OXNARD, Calif. (AP) — DeMarcus Lawrence enjoys needling pass-rushing understudy Taco Charlton, who spent plenty of time in the offseason working out with the man who tied for second in sacks in the NFL last year for the Dallas Cowboys.
“He’s aggravating,” Lawrence said, trying not to show that he was joking. “I go places in Dallas thinking I’m by myself and two seconds later, I see Taco walk in. Why is he always following me?”
Maybe it’s because Lawrence is coming off his best season at 14 1/2 sacks while Charlton is trying to deliver on first-round expectations in his second year.
Add Randy Gregory working to get his career back on track after a year away from the NFL on a substance-abuse suspension, and these recent high draft picks by the Cowboys, all defensive ends, offer an interesting trio of story lines going into 2018.
“Encore?” said Lawrence, who tied Jacksonville’s Calais Campbell for second, 2 1/2 sacks behind Arizona’s Chandler Jones. “You’ve just got to stay tuned. We’re going to put on a big show this year.”
Gregory was activated from the non-football injury list Wednesday following a yearlong suspension over multiple violations of the league’s substance-abuse policy.
Coach Jason Garrett says the club did it to allow Gregory to be more active in morning walkthroughs at training camp in California. The Cowboys aren’t in any hurry to have him participate in a full padded practice.
“He’s been away from football for a long time,” Garrett said. “He did a good job of keeping himself in shape. But again, we don’t want to compromise him early on here and put him a couple of weeks behind where he should be, so we’re going to progress deliberately here.”
As for Lawrence and Charlton, it’s full-speed ahead. Here’s an overview of all three players a week into camp:
The Cowboys put the franchise tag on Lawrence at the end of his four-year rookie deal, and there weren’t any contract discussions of substance before the deadline to sign a long-term deal expired.
Lawrence, who gets $17.1 million guaranteed this season, was the first pass rusher drafted by the Cowboys after they released franchise sacks leader DeMarcus Ware in 2014. Dallas traded up to early in the second round to get him.
He didn’t get his first sack until his second season and had just nine through three years before a quick start in 2017 led to his breakthrough. Now the 26-year-old is playing for a big payday.
“As a kid, they tell you the sky’s the limit. They lyin’ to you,” Lawrence said. “You set your own limits. That’s why I said, ‘Secure the bag,’ because I’m going out there each and every day and showing my son and showing my family I set my own limits.”
The former Michigan player is actually three sacks ahead of Lawrence’s pace. Charlton had three as a rookie after the Cowboys took him late in the first round. If nothing else, he knows patience is part of the formula.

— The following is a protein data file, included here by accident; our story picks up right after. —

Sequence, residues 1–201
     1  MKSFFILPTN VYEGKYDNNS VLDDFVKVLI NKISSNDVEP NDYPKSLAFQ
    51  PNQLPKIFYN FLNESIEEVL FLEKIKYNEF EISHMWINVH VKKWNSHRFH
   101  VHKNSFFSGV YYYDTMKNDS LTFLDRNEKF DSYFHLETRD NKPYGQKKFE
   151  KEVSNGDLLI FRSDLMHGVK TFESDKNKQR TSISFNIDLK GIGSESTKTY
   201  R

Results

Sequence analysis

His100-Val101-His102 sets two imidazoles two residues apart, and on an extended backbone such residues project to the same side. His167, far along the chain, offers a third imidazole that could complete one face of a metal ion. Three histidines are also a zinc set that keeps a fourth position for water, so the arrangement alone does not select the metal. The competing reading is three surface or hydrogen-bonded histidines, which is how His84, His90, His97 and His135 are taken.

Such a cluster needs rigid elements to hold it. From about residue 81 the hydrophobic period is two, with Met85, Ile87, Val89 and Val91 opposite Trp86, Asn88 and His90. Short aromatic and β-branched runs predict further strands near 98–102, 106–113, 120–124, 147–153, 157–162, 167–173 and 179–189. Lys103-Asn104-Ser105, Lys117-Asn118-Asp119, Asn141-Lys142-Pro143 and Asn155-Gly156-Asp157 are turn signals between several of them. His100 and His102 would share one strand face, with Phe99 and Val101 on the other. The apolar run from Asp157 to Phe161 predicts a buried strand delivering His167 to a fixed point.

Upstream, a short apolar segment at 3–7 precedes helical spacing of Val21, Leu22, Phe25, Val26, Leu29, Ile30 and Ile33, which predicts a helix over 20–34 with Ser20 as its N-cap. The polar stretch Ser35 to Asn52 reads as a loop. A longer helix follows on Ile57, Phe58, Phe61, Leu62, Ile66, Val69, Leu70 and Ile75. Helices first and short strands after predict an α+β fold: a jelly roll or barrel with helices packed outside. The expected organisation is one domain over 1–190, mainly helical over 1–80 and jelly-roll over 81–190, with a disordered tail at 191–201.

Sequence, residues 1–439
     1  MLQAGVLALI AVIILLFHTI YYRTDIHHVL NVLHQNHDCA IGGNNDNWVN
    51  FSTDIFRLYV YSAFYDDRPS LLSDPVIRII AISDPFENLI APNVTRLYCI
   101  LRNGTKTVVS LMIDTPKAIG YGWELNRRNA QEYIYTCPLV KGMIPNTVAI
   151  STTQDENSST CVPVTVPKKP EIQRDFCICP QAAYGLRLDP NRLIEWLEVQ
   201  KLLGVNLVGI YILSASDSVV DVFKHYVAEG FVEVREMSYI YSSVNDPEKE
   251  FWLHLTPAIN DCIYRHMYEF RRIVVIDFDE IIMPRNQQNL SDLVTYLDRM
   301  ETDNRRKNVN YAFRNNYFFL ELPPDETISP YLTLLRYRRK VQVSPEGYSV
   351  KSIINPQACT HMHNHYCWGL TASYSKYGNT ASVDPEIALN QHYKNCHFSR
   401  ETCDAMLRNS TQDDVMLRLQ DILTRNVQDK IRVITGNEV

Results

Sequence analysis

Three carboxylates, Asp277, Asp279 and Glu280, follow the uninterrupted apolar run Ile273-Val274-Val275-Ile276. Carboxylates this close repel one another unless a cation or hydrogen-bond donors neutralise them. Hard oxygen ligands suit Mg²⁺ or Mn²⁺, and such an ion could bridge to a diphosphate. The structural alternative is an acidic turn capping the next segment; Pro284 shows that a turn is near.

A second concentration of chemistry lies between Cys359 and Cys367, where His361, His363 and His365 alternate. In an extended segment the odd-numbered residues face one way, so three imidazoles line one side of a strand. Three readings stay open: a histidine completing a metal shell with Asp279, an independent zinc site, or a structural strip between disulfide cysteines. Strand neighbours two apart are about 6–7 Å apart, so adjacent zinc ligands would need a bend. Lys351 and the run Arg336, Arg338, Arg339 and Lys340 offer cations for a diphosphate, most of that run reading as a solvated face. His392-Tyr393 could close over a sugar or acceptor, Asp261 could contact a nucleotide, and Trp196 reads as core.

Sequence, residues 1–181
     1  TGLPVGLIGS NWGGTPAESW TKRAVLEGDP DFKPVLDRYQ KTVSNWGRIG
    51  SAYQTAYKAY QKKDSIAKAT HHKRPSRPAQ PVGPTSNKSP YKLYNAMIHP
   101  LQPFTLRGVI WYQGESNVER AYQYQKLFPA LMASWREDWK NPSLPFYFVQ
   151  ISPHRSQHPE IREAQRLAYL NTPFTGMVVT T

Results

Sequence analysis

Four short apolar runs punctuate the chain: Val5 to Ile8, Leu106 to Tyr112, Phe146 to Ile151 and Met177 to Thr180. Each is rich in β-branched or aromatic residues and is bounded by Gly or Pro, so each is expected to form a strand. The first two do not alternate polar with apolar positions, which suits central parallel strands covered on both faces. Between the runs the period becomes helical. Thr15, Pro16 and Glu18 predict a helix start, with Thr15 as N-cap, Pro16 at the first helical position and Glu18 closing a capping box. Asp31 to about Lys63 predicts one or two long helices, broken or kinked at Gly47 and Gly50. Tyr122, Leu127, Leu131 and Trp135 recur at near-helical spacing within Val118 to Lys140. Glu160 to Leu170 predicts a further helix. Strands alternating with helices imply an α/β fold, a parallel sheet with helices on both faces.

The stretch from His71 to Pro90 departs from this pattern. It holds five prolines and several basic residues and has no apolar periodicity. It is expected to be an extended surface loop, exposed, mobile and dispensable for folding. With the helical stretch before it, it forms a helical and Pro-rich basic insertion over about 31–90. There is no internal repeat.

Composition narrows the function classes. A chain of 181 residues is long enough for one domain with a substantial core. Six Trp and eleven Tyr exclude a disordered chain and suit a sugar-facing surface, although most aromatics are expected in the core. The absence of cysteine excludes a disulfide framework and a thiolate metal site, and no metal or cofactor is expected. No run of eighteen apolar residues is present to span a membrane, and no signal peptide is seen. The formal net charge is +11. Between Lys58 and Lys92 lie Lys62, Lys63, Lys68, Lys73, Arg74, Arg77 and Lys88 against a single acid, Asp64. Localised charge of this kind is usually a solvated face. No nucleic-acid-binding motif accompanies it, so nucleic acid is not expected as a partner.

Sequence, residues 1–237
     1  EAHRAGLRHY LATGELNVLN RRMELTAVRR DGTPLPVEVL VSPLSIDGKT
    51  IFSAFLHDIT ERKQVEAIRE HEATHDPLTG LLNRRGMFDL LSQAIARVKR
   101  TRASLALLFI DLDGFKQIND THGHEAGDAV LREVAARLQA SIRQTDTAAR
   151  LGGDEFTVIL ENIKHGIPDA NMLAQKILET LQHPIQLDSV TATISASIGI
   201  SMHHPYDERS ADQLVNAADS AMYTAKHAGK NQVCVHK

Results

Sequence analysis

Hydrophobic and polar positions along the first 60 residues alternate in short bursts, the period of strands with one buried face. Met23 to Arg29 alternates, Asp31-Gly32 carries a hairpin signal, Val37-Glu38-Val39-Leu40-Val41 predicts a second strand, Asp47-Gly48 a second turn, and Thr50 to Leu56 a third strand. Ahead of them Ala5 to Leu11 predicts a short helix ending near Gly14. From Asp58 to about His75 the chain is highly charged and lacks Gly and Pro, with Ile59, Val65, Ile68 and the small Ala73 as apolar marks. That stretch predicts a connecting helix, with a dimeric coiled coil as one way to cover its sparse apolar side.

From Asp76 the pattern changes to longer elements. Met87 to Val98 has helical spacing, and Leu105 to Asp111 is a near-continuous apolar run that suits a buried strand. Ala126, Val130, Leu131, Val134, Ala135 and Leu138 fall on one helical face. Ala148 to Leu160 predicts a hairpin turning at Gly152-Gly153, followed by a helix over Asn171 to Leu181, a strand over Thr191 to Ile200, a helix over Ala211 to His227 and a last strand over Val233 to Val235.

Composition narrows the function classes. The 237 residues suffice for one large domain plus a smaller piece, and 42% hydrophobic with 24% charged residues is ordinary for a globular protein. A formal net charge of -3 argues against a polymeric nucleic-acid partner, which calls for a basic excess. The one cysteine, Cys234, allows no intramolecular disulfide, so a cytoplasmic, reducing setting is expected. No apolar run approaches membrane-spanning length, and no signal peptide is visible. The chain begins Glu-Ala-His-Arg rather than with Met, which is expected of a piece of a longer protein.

The 23-year-old Charlton’s debut in the NFL was Lawrence’s first season without an injury or season-opening suspension, which Lawrence served in 2016.
“I talk trash, like, he didn’t do nothing,” Charlton said. “That’s kind of how we wing it, ‘Ah, you didn’t do nothing. Ah, you did this, I’m going to go faster.’ It pushes us to go to that next level. Him doing what he did last year pushed me to try to do that same thing.”
Charlton seems much more at ease, speaking freely and frequently with reporters during camp.
“The comfortability level is probably the biggest thing,” he said. “There’s not so much where I’m wide-eyed seeing what’s going on. I roll out here like I belong and I can do whatever I need to do to progress.”
GREGORY’S LONG ROAD
The former Nebraska standout has been suspended for 30 of the past 32 regular-season games for multiple violations of the substance-abuse policy.
Gregory was considered a first-round talent when he slid to near the end of the second round of the 2015 draft over off-field concerns that included a positive test for marijuana at the combine.
While he was cleared to return by Commissioner Roger Goodell not long before training camp, Gregory hasn’t spoken to reporters. Garrett hesitated to indicate when Gregory might practice for the first time.
“You have brothers falling the wrong way, do you give up on them? No,” Lawrence said. “We say togetherness, we say family for a reason. Randy’s my brother. We stuck by him for this long time and it’s time for him to ball now.”
Defensive coordinator Rod Marinelli, also the defensive line coach, said it’s a first for him to have a player back after not seeing him for a year and a half.
“Each night we have a chance in our meetings, we visit,” Marinelli said. “He knows the progression that he’s got to go through. He’s not going to walk out there and it’s going to happen. As talented as he is, it doesn’t work that way. And he knows that.”
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